Wednesday, February 29, 2012
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When I was little, my bicycle and I spent a lot of time together. You would see this little fat guy chugging all over town; that was my way to get around. There was only one thing that compromised my total enjoyment of biking - the dog on the corner. Yeah, since our street ended right after our house and our house was just beyond the corner, there was just no other way to approach our house. So, often that little dog would sense me coming; I'm sure he had lookouts posted. He would appear out of nowhere, charge my direction with teeth bared, his bark would send chills up my spine. I picked up my speed; boy, I got really fast! I could feel him nipping at my heels. I didn't even know I could pedal that fast! I think I could have qualified for the Olympics.
I very quickly learned any evasive action I could think of: getting my speed up before I got there, coming down the other street where he seemed less likely to be. I followed his pattern, ignoring him; pretending I didn't see him so I didn't look scared. Somebody told me that was a good idea. I learned quickly that a vicious dog is nothing to mess with and should be avoided at all costs.
I'm Ron Hutchcraft and I want to have A Word With You today about "Avoid What Wants to Bite You."
Our word for today from the Word of God comes from Genesis 39, beginning at verse 7. Joseph is about to be a Jewish transplant; picked up and sold as a slave into Egypt. He's working for Potiphar, a military leader. He's been trusted with total responsibility of the household. Now, Potiphar's wife gets an eye on this good looking young man, and it says, "After a while, his master's wife took notice of Joseph and said, ‘Come to bed with me.' But he refused."
Verse 10 of Genesis 39 - "And though she spoke to Joseph day after day, he refused to go to bed with her." And notice this, "...or even be with her." Now, this has got to be for Joseph a pretty tempting temptation. He's lonely; he's away from home. I would guess that a powerful man's wife is probably pretty attractive, and he is totally trusted. He may very well get away with this and no one even know that he's done it.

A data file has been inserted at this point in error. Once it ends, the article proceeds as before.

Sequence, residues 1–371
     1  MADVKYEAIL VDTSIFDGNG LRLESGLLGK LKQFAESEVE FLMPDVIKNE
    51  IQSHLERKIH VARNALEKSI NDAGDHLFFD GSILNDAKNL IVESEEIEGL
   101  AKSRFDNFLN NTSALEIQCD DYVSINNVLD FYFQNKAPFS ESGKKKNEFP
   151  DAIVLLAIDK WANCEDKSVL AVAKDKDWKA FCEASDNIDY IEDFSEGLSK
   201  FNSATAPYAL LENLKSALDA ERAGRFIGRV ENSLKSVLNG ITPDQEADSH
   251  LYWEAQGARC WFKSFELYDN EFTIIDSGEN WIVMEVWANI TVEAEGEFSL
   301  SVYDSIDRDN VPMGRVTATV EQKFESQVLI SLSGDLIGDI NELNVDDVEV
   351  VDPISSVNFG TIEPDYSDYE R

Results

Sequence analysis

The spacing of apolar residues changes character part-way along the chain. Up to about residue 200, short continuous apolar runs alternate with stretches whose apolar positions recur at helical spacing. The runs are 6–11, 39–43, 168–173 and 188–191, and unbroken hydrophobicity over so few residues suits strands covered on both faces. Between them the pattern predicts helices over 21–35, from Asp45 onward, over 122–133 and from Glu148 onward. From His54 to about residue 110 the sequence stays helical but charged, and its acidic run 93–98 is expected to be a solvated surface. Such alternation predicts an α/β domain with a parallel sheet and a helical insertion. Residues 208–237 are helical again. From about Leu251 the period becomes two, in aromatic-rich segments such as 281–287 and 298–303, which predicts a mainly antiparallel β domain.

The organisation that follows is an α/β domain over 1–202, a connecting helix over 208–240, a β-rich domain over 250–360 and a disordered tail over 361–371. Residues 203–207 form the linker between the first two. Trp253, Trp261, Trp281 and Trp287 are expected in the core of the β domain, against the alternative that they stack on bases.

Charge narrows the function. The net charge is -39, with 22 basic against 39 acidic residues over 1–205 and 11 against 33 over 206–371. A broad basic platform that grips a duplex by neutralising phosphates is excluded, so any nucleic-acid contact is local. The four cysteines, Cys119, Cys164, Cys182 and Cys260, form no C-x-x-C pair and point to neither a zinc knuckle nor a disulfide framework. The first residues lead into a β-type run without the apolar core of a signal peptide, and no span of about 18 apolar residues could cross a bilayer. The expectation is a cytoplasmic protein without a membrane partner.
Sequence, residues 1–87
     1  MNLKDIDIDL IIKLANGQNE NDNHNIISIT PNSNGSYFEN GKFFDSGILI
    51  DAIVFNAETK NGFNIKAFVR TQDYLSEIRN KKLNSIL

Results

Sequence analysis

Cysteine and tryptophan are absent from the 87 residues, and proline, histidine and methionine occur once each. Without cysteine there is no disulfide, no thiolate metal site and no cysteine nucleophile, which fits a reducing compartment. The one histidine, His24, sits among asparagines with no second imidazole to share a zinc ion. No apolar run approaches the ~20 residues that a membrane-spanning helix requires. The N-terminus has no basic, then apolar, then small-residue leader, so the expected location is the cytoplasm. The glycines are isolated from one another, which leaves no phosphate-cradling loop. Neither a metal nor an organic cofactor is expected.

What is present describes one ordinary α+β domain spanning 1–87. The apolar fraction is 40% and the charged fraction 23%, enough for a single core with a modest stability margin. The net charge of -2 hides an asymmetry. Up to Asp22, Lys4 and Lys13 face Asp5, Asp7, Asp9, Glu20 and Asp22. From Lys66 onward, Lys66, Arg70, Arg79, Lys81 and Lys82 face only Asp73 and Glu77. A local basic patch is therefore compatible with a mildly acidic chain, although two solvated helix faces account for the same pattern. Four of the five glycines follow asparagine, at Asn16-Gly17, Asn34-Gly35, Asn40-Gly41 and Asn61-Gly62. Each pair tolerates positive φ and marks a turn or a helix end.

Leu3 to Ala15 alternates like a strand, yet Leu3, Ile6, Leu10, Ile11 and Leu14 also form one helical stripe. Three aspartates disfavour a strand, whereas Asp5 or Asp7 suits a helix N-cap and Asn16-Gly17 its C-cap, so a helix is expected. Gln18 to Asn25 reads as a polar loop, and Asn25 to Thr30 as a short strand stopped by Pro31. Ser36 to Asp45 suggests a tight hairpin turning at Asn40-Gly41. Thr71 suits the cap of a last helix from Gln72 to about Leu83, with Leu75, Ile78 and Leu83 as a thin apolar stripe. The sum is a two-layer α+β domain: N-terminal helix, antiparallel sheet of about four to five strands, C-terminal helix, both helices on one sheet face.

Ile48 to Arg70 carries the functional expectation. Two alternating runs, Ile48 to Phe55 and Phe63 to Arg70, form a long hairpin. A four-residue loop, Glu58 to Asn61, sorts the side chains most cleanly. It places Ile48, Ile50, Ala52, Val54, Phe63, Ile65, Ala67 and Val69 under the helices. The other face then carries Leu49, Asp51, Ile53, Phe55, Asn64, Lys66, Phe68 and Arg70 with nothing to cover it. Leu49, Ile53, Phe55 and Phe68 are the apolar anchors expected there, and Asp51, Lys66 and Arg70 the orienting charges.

But he says, "How could I sin against God." He knows God will know. He knows that he and his conscience will know. And had he said yes to this temptation, it would have been a spiritually fatal mistake - probably disqualifying him from being God's hero as we know him today.
Now, temptation is always out to bite you, to discredit you, to scar you. But unlike our dog at the corner when I was a kid, it doesn't warn you with a bark. Do you know what your Potiphar's wife is right now? Oh, it could be sexual opportunity. It could be the apparent advantages of compromising your integrity a little bit, being a little dishonest right now; maybe it's the urge to retaliate or a compromise that seems better than losing this person, or that old habit, or going back to the old friends. The advantages of sinning are always short lived, and the price always lasts a long time.
Now, notice that Joseph can recognize that vicious dog of temptation under all that mascara and perfume. He's smart enough to take evasive action to not ride close to the dog's house. That may be why the pull of temptation is so strong on you. You haven't burned your bridges to it. You want to beat it? Then you have to avoid the places where it is, the people who draw you into it, the props that get you into it. You can't flirt with sin; it's a vicious dog! Pedal fast! The Bible says, "Flee from it." Take a route that's nowhere near the opportunity to do that sin.
Don't get anywhere near that attractive, but deadly, vicious dog of sin.